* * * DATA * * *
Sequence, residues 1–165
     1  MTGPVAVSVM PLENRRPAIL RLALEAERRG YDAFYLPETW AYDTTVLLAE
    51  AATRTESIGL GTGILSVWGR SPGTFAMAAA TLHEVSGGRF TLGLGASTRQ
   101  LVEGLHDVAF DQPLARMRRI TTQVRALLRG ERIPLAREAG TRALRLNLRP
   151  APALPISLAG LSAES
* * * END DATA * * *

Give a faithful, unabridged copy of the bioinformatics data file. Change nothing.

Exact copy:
Sequence, residues 1–165
     1  MTGPVAVSVM PLENRRPAIL RLALEAERRG YDAFYLPETW AYDTTVLLAE
    51  AATRTESIGL GTGILSVWGR SPGTFAMAAA TLHEVSGGRF TLGLGASTRQ
   101  LVEGLHDVAF DQPLARMRRI TTQVRALLRG ERIPLAREAG TRALRLNLRP
   151  APALPISLAG LSAES